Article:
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The person, be it gentleman or lady, who has not pleasure in a good novel, must be intolerably stupid. - Jane Austen

Review: Frances Hodgson Burnett – The Secret Garden

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frances-hodgson-burnett-the-secret-gardenThis is a book that I started many times when I was younger and staying at my uncles house, but I was never there long enough to finish it and there was always something more exciting to do. So I guess 23 years old is as good a time as any to catch up on all those children’s classics that I’ve never read (Black Beauty next I think).

All the way through this book I felt very connected to little Mary; at first she was a spoilt little child, but a return to some good Yorkshire air puts her right. When I finished the book I was left with a sense of not very much having happened, but still a sense of having really enjoyed reading it. The ‘secret garden’ was described in so much detail and with so much enthusiasm that it felt almost like I was transported to a secret garden in the grounds of a grand house in the middle of the Yorkshire Moors.

As I’ve mentioned before, when Mary arrives at the house she is a spoilt and ‘ugly’ child, sent to live with her uncle when her parents are killed by an outbreak of Cholera in their house in India. At first Mary hates the bleak outlook of the moors but she is persuaded to go outside by the intrigue of a ‘secret garden’ and when she finally finds out where it is and how to get into it, she hatches a plan to bring it to life again after it has been locked up for ten years. All this with the help of a young boy called Dickon,who seems to have a natural ‘magic’ touch with nature – animals and plants alike.

While Mary is becoming more and more curious, she hears a strange crying sound, but no-one in the house will tell her what it is, ‘it must be the wuthering of the wind on the moors’. But inquisitive little Mary finds out where the noise is coming from and meets her cousin Colin, a sickly boy the same age as her who has been so pampered since he was born that he has the whole household scared of his temper tantrums. His father refuses to see him because his mother died in childbirth and he’s scared that Colin is very ill too. Colin is convinced that he is going to die before he grows up and that his back may be deformed – he’s overheard conversations between his nurse and the doctors that have led him to believe he’s very sick. But little does he know that his doctor would actually be next in line to inherit his father’s estate so he has little interest in making Colin better.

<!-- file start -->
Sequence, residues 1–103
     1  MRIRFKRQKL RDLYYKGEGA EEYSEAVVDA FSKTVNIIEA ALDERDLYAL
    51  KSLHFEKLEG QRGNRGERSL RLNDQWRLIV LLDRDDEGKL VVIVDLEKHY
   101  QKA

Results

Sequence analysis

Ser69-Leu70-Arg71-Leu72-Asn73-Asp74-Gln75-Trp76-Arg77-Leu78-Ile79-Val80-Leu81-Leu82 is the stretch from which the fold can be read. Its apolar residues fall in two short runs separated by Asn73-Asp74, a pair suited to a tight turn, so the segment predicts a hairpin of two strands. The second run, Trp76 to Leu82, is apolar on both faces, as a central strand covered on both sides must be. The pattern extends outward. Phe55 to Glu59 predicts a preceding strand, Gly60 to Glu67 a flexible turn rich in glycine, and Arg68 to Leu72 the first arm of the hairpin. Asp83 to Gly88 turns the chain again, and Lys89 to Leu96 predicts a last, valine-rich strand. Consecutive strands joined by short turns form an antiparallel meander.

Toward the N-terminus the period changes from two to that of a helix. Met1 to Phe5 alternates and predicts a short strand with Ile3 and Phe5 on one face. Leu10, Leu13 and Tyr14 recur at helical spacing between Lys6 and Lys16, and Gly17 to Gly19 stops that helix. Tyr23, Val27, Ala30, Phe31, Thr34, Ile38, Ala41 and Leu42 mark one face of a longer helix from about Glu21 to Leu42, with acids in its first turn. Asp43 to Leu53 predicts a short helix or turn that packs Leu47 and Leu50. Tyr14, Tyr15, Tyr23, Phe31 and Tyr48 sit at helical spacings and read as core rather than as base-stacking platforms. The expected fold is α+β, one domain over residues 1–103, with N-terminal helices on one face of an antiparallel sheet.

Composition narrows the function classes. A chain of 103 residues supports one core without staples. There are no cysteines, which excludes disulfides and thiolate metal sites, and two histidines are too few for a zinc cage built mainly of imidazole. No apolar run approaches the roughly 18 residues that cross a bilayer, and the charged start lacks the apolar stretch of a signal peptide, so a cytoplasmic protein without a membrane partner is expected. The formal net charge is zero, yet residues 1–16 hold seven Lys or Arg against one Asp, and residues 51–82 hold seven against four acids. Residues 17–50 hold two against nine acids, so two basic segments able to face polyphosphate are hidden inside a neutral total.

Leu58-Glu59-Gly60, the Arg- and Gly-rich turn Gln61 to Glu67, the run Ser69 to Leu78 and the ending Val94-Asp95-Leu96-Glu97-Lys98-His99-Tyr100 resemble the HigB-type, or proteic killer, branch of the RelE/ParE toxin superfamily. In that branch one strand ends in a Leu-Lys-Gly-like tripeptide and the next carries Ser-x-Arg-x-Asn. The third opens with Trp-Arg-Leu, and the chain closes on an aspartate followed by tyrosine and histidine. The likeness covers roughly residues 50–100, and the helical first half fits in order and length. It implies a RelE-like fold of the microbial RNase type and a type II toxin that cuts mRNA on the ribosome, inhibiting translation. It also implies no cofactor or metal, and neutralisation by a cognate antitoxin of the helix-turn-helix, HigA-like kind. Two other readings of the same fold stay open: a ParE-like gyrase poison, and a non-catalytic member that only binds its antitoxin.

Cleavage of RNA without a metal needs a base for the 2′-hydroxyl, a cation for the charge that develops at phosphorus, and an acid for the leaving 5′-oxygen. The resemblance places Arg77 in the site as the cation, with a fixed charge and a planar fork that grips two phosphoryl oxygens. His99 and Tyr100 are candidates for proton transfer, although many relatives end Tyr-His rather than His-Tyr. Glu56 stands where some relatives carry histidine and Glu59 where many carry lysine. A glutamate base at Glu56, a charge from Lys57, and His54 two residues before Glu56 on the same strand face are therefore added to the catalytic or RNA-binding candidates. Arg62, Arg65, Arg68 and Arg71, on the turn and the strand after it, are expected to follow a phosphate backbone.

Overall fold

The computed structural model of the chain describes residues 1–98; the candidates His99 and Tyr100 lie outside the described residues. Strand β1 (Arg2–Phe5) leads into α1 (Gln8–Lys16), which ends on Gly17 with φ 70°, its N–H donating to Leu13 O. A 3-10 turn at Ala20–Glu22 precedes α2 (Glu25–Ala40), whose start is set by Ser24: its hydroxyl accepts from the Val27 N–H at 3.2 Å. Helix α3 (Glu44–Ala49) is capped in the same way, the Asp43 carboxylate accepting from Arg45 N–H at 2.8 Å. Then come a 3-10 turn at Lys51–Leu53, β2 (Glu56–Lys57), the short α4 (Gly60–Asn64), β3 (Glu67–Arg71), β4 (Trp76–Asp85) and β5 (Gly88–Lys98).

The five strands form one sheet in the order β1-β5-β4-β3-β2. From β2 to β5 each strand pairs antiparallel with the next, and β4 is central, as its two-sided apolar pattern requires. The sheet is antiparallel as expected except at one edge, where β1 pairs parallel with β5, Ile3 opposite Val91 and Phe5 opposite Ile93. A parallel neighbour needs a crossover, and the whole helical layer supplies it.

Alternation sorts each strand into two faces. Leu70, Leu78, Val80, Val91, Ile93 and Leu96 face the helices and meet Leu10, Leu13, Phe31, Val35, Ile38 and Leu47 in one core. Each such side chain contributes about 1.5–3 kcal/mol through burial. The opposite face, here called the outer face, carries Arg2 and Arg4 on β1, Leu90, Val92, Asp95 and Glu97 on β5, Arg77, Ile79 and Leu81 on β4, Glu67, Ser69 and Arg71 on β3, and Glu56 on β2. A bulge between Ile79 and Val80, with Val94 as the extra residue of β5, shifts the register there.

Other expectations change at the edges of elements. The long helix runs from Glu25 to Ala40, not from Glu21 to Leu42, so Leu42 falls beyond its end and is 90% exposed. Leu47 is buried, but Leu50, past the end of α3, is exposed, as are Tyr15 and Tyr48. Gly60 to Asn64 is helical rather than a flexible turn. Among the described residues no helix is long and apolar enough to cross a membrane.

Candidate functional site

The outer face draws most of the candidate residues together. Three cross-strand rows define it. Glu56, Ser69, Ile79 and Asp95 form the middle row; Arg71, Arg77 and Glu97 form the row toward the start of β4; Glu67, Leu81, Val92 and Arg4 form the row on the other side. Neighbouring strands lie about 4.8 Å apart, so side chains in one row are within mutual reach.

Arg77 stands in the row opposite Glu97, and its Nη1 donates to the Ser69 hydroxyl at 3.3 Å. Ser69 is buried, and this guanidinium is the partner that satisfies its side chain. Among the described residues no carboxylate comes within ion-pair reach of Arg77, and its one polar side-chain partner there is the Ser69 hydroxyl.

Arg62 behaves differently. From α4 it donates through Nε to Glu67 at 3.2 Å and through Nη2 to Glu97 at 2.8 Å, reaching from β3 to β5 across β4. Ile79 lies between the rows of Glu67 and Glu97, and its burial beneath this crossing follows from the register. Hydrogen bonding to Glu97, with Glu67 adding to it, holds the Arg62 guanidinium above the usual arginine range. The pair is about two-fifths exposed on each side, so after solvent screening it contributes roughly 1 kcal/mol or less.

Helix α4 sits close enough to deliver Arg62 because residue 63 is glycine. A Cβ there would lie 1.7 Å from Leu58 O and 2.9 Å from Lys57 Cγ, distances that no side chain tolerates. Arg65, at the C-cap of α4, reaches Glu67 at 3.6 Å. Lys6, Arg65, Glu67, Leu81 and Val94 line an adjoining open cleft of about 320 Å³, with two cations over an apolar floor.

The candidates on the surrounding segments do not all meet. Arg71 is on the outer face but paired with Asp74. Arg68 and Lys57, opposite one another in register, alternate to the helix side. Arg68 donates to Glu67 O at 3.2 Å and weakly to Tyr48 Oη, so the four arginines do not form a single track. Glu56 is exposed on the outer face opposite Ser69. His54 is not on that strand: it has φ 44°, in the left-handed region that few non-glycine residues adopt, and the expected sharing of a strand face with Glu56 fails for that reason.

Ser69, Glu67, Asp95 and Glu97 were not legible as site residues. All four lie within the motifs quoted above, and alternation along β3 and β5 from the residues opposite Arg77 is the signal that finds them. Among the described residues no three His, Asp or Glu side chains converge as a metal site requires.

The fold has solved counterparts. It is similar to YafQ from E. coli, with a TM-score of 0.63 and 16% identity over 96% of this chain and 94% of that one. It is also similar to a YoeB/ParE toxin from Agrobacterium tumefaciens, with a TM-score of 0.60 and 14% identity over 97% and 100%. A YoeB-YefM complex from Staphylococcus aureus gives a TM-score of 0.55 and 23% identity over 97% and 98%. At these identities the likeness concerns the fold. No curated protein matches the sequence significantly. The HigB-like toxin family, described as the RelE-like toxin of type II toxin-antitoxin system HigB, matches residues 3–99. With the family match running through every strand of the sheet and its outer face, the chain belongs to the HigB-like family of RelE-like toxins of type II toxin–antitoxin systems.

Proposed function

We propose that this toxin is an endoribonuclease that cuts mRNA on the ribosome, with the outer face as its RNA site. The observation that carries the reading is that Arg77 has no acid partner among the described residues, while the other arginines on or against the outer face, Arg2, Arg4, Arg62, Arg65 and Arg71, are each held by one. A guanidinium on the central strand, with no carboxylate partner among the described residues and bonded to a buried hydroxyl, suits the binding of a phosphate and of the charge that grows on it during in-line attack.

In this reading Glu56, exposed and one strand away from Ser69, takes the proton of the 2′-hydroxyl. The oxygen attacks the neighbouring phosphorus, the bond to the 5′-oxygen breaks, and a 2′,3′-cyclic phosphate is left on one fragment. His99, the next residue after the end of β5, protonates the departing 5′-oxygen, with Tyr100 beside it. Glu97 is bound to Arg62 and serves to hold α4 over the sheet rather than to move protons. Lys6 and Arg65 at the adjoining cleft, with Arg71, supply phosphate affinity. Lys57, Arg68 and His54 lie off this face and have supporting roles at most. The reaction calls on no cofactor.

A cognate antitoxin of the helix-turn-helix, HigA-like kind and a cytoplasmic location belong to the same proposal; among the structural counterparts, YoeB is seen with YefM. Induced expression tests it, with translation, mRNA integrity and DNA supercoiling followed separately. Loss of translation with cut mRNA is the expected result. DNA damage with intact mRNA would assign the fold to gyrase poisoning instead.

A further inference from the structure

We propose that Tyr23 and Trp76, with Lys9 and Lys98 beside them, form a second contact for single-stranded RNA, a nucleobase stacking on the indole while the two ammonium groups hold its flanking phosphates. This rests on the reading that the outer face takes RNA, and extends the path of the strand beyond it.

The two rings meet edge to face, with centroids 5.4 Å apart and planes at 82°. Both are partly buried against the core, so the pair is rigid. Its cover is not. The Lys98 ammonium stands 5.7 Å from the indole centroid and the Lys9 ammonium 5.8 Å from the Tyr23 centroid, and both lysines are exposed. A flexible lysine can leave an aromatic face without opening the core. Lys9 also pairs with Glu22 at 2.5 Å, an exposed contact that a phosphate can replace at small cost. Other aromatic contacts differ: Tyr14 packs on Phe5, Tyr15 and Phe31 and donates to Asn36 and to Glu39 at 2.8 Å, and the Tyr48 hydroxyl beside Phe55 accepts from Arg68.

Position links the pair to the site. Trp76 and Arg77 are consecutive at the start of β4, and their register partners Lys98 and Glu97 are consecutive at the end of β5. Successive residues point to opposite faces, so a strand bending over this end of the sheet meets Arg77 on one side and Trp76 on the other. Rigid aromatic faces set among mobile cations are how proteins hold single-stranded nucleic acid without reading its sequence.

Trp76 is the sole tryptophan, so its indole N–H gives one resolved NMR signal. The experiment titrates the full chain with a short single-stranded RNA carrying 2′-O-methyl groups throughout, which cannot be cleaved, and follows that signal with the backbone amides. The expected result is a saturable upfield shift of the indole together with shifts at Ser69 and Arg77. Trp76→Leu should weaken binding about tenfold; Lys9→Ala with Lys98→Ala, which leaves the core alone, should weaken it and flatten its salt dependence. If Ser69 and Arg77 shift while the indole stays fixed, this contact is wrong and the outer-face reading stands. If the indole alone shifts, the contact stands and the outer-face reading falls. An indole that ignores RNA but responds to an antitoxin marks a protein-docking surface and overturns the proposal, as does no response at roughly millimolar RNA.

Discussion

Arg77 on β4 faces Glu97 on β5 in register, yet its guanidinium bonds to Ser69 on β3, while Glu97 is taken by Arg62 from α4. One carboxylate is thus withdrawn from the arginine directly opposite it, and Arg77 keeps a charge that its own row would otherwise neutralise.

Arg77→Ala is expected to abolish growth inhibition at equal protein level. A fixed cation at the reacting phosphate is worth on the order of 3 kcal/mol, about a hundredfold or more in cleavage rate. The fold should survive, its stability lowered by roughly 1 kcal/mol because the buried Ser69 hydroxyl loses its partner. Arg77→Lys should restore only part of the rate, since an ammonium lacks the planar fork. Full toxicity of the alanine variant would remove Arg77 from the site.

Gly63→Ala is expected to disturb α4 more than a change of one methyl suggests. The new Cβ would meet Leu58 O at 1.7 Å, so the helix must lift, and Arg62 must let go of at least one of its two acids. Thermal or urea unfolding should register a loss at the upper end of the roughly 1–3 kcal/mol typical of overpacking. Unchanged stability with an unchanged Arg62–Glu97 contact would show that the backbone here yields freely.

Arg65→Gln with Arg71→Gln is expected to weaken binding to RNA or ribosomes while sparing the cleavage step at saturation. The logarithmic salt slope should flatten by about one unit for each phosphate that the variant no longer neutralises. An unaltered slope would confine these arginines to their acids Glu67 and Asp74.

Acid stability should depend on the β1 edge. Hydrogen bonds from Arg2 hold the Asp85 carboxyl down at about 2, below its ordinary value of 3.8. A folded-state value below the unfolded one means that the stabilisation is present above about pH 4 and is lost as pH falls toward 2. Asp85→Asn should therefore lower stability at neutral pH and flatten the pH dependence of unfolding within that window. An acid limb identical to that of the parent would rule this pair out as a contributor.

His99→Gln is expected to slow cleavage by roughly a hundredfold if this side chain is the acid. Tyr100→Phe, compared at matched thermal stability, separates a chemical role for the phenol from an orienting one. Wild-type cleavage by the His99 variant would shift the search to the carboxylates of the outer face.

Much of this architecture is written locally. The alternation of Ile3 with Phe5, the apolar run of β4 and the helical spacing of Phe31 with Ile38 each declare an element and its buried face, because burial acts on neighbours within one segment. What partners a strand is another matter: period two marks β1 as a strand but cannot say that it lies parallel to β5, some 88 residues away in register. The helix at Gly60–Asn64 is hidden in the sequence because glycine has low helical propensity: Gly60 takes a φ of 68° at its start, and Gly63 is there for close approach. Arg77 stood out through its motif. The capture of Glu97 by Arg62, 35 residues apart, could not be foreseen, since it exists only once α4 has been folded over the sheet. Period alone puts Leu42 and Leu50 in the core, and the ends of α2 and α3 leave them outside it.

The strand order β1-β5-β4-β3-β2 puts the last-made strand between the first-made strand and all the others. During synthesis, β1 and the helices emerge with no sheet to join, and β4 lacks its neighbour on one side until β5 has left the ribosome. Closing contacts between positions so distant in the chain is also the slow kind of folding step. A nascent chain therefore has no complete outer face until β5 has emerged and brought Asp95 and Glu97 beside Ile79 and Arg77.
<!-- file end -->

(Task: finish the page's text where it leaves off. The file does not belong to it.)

Stubborn Mary is the only one that can get through to Colin, and with Dickon’s help, they get Colin out of the house where the Secret Garden can work it’s ‘magic’. Before long, Colin is turning into a strong athletic boy and enjoying life more than he ever knew. They keep the secret very well, sharing it only with the robin that lives in the garden and the animals that follow Dickon around, namely two squirrels and a crow. The gardener Ben is let into the secret when he peers over the wall of the garden and catches them, but he’s a great help to Colin recovering his strength. When he is berating Mary for being in the garden, Colin stands up for the first time in his life to stick up for the girl who has helped him to get his life back.

The story ends very sweetly with Colin’s father returning from his travels to find Colin winning a race against Mary, which surprises the life out of him as he’s never seen his son out of bed. To the surprise of the staff of the house, they walk hand in hand laughing and joking back up to the house together.

I found the story very easy to follow, although the broad Yorkshire speak took a while to understand in parts – and I’m from Yorkshire! I do wish I’d read it when I was younger as I can imagine that the magic of the story is lost a bit on me now that I’m so much older, but I’m very glad that I finally took the time to read it.

3-5